A vacuum constriction device (left) is a cylinder that is placed over the penis. The air is pumped out of the cylinder, which draws blood into the penis and causes an erection. The erection is maintained by slipping a band off of the base of the cylinder and onto the base of the penis. The band can stay in place for up to 30 minutes. The vacuum device can be safely used to treat most causes of erectile failure. Lack of spontaneity, discomfort, and cumbersomeness of the device seem to be the biggest concerns of patients.
As recently as two decades ago, doctors tended to blame erectile dysfunction on psychological problems or, with older men, on the normal aging process. Today, the pendulum of medical opinion has swung away from both notions. While arousal takes longer as a man ages, chronic erectile dysfunction warrants medical attention. Moreover, the difficulty is often not psychological in origin. Today, urologists believe that physical factors underlie the majority of cases of persistent erectile dysfunction in men over age 50.
Moemen et al. compared the effectiveness and satisfaction associated with use of several ED therapies including sildenafil alone, intracavernosal injections (ICI) followed by sildenafil after ICI discontinuation and vacuum erections devices (VED) followed by sildenafil therapy after VED discontinuation (60). Seventy percent of men receiving vasoactive medications preferred sildenafil to ICI, even though rigidity was superior in the ICI group. All men using VEDs were dissatisfied with that form of therapy.
Positron emission tomorgraphy (PET), and functional magnetic resonance imaging (fMRI) have led to a greater understanding to which center are activated during arousal. These imaging studies measure increases in cerebral blood flow or changes in cerebral activity on a real-time basis. Studies are performed when male subject are aroused by visual cues (usually sexual explicit photos or videos) and compared to images obtained during exposure to sexually neutral cues differences can be measured. Several studies have identified that the inferior frontal lobes, inferior temporal lobes and insular gyrus, and occipital lobes are involved with processing arousal cues, although each are likely to process different stimuli (20-23).
Erectile dysfunction in older men. Because erections primarily involve the blood vessels, it is not surprising that the most common causes in older men are conditions that block blood flow to the penis, such as atherosclerosis or diabetes. Another vascular cause may be a faulty vein, which lets blood drain too quickly from the penis. Other physical disorders, as well as hormonal imbalances and certain operations, may also result in erectile dysfunction.
PDE5 inhibitors, the primary second-line therapy, have been the mainstay of ED treatment since the release of sildenafil (Viagra) in 1998, with the subsequent development of many others, and still more in the development stage. These medications do improve erectile quality for the majority of men, and they work by enhancing blood flow in the corpora cavernosa. These medications are generally used on demand and need to be taken about an hour before sexual intimacy. Tadalafil (Cialis) is longer acting and does come in a daily preparation potentially eliminating the ‘on-demand’ need. The daily dosing of tadalafil, 2.5–5 mg\day, has also been approved by the FDA for treatment of symptoms of BPH.41 PDE5 inhibitors are contraindicated in men taking nitrates, but otherwise PDE5 inhibitors are very safe and effective. When PDE5 inhibitors are coadministered with nitrates, pronounced systemic vasodilation and severe hypotension are possible. Many patients with ED are elderly and have the same risk factors as patients with CAD, so these drug combinations are commonly considered or encountered in clinical practice.42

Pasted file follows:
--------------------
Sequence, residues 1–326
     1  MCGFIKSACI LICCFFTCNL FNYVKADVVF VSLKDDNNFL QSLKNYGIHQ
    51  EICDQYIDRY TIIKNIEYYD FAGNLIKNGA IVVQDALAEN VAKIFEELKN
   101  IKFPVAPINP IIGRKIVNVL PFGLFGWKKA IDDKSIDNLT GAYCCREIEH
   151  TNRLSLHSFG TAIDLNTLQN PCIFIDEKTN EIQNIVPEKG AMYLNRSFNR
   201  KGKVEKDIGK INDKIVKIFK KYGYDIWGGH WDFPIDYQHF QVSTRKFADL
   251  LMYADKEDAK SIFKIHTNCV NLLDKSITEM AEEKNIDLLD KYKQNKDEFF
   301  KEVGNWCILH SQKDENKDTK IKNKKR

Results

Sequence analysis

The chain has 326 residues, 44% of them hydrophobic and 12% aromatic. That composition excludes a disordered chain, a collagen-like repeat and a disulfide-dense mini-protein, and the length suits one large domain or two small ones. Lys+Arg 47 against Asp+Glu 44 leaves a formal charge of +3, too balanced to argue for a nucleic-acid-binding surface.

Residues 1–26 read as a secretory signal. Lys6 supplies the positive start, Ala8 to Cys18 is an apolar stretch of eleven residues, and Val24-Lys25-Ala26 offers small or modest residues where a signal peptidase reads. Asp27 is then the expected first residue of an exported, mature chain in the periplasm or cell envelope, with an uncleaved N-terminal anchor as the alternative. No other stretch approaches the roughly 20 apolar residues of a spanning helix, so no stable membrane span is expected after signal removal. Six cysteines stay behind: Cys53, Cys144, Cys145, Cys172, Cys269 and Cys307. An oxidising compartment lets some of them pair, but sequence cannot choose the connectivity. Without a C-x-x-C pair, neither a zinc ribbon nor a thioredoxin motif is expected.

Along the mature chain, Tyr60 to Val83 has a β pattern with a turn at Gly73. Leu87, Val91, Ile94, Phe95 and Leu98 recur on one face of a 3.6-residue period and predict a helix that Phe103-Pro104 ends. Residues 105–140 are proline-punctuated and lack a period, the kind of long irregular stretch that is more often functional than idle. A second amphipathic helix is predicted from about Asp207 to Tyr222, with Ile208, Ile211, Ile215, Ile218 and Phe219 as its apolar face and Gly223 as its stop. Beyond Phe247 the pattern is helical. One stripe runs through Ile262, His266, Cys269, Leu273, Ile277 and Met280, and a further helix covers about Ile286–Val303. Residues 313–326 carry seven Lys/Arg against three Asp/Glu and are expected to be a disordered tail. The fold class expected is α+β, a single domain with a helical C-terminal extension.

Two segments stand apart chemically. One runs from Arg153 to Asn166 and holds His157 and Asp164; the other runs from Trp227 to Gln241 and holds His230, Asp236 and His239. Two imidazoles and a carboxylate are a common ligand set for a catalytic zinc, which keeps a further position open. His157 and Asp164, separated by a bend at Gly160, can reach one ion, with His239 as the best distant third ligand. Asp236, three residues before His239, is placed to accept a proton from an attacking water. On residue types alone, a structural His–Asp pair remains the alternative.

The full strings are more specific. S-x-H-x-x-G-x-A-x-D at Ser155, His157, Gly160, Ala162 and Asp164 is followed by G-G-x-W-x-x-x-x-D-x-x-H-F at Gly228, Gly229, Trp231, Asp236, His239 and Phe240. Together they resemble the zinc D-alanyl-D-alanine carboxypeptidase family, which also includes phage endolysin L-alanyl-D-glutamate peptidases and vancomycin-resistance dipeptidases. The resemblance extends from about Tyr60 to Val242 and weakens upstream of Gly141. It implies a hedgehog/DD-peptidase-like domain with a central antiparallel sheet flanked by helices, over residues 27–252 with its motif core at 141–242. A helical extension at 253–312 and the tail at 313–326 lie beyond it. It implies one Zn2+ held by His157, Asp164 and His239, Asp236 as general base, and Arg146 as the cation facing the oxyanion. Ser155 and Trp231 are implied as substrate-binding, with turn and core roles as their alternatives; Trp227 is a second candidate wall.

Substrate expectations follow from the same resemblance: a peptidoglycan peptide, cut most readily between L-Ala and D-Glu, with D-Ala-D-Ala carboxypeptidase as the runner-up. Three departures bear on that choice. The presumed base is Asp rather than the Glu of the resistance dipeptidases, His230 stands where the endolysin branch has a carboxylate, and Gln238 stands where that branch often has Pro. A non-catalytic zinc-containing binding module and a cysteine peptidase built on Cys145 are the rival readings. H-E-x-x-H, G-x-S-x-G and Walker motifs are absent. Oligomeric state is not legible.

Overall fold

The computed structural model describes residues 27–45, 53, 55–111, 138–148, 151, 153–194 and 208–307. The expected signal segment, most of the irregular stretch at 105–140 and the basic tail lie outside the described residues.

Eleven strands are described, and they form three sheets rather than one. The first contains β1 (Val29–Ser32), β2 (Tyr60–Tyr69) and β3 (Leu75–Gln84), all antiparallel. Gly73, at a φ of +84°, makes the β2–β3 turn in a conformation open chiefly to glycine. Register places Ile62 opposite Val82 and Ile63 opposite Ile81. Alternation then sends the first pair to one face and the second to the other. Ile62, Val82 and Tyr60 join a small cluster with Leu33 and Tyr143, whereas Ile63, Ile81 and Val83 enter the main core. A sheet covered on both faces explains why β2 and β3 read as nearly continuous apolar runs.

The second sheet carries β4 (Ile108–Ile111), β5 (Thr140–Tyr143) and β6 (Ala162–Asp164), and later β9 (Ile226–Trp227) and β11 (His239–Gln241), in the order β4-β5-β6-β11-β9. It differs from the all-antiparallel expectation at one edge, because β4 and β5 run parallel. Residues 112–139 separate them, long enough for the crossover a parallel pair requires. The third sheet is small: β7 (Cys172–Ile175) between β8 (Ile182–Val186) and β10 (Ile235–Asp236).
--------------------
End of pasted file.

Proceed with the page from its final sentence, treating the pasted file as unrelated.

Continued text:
Following a detailed discussion about the history of erectile dysfunction and its risk factors, your doctor will examine the testicles and penis to help determine the cause of erectile dysfunction. Your doctor will check reflexes and pulses in the area to see if problems with blood vessels or nerves are contributing to the erectile dysfunction. If necessary, your doctor will order tests to help diagnose erectile dysfunction.
Having learned a great deal more about erectile dysfunction including its risk factors and causes, you should be equipped to assess your own erectile function. If you have experienced erectile issues or you have some of the risk factors mentioned above, it may be worth making a trip to your doctor’s office. If you choose to seek help, give your doctor as much information as you can about your symptoms including their frequency and severity as well as the onset. With your doctor’s help, you can determine the best course of treatment to restore sexual function.
A vacuum erection device is a plastic tube that slips over the penis, making a seal with the skin of the body. A pump at the other end of the tube makes a low-pressure vacuum around the erectile tissue, which results in an erection. An elastic ring is then slipped onto the base of the penis. This holds the blood in the penis (and keeps it hard) for up to 30 minutes. With proper training, 75 out of 100 men can get a working erection using a vacuum erection device.